Expert panel discusses osteoporosis in men

At the recently held Fifth International Conference on Osteoporosis in Men, an international panel of experts discussed clinical agreements and disagreements regarding progressive bone loss among men.

Among other consensuses reached by the group, researchers determined that the detection and treatment of male osteoporosis can be optimized through the use of standardized diagnostic procedures.

Their suggestions, which appear in the journal Osteoporosis International (OI), tended toward the use of a sole bone-density reference site, the femur neck, as well as of one testing method, which experts said should be the dual-energy x-ray absorptiometry (DXA) scan.



The use of DXA technology is already quite widespread among clinicians who test for bone loss. However, systematic bodily testing sites are not. Furthermore, doctors do not yet use one standard reference population - the group of people whose bone masses set the bar for good skeletal health - as a benchmark for bone levels.



In that regard, the study's authors suggested that physicians use as a reference the Third National Health and Nutrition Examination Survey, which was conducted by the Centers for Disease Control and Prevention between 1988 and 1994.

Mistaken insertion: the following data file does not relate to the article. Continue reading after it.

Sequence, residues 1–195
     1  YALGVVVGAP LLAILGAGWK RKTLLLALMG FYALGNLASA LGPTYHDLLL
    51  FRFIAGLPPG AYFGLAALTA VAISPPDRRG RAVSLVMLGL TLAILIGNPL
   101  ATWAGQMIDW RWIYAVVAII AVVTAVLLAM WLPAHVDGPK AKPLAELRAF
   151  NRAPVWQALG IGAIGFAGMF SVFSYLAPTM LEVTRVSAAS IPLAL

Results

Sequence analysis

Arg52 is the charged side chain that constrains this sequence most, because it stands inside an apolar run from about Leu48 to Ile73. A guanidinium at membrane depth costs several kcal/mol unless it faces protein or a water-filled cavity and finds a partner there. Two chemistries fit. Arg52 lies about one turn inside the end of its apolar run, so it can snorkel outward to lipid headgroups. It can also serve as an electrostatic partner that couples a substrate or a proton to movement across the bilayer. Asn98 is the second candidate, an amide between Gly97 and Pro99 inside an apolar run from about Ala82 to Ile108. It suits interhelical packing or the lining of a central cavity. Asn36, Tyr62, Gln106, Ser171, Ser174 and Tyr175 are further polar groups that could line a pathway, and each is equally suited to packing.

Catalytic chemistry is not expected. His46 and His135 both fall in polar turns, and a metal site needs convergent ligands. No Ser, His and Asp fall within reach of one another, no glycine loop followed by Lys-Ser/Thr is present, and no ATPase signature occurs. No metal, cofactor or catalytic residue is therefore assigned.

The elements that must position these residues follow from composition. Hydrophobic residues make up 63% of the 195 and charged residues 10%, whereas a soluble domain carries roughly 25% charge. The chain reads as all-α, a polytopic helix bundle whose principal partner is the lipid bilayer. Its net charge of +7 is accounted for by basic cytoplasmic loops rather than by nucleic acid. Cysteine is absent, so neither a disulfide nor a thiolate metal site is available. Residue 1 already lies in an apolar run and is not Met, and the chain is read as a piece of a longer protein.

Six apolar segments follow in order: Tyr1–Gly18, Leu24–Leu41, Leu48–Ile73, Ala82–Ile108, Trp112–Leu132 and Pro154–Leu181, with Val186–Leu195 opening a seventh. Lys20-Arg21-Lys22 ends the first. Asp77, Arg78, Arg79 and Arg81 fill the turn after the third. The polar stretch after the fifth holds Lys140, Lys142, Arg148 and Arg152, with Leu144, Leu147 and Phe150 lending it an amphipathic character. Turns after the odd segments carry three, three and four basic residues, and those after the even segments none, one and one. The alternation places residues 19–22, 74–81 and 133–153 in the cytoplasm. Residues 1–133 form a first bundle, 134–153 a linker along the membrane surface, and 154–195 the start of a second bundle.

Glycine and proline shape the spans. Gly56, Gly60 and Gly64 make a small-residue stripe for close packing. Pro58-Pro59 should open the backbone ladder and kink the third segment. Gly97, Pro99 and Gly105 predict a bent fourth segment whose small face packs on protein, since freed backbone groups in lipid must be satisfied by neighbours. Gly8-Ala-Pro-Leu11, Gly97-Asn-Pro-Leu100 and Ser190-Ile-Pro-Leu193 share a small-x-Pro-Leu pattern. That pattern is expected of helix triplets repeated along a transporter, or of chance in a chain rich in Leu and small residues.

Part of the difficulty in diagnosing and treating osteoporosis in men is that studies establishing the effectiveness of certain tests and medications for this population are in relatively short supply.

Far more research has been conducted among females with the disease, which is not particularly surprising to those who know that progressive bone loss is more common among women than men.

Of the 10 million Americans suffering from osteoporosis, just 2 million are men, the National Osteoporosis Foundation (NOF) estimates.

That said, men with the disease are still at a substantial risk for broken bones, which are one of the leading causes of disability among elderly adults. Up to 25 percent of men over the age of 50 will experience an osteoporosis-related fracture in their lifetimes, according to the NOF.

Male osteoporosis has lately been the subject of an increasing number of studies, most of which aim, like the panel discussion, to establish the specifics of men's risk of, and response to treatment for, bone loss.

A report published in OI in 2009 determined that a handful of specific factors can help clinicians determine a man's risk of the disease.

These determinants included advanced age, low body mass index, a personal history of fractures, a family history of osteoporosis and the excess presence of C-terminal telopeptide, which is a bloodborne protein that indicates the rate of bone turnover in the body.

Another study, this one in the journal Best Practice and Research: Clinical Endocrinology and Metabolism, found that 50 percent of bone loss among men can be attributed to some other health problem, making half of all male osteoporosis diagnoses "secondary."

Likewise, its authors said that while the evidence is still slim, research suggests that certain pharmacological interventions - namely, bisphosphonates and teriparatide - appear to be as effective at increasing male bone density as they are for women.

The recently convened panel also noted that reducing the amount of bioavailable estrogen in the body has been shown to minimize bone loss and fracture risk among men, whereas testosterone replacement rarely has a place in the treatment of male osteoporosis.
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